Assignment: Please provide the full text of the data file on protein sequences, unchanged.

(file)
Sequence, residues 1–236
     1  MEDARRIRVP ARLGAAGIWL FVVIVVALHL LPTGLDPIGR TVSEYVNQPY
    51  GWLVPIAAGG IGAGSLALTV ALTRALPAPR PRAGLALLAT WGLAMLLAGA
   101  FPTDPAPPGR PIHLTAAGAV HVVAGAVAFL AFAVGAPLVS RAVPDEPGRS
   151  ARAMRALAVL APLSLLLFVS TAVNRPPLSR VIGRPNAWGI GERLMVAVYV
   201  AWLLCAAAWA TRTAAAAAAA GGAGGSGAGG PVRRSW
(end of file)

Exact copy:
Sequence, residues 1–236
     1  MEDARRIRVP ARLGAAGIWL FVVIVVALHL LPTGLDPIGR TVSEYVNQPY
    51  GWLVPIAAGG IGAGSLALTV ALTRALPAPR PRAGLALLAT WGLAMLLAGA
   101  FPTDPAPPGR PIHLTAAGAV HVVAGAVAFL AFAVGAPLVS RAVPDEPGRS
   151  ARAMRALAVL APLSLLLFVS TAVNRPPLSR VIGRPNAWGI GERLMVAVYV
   201  AWLLCAAAWA TRTAAAAAAA GGAGGSGAGG PVRRSW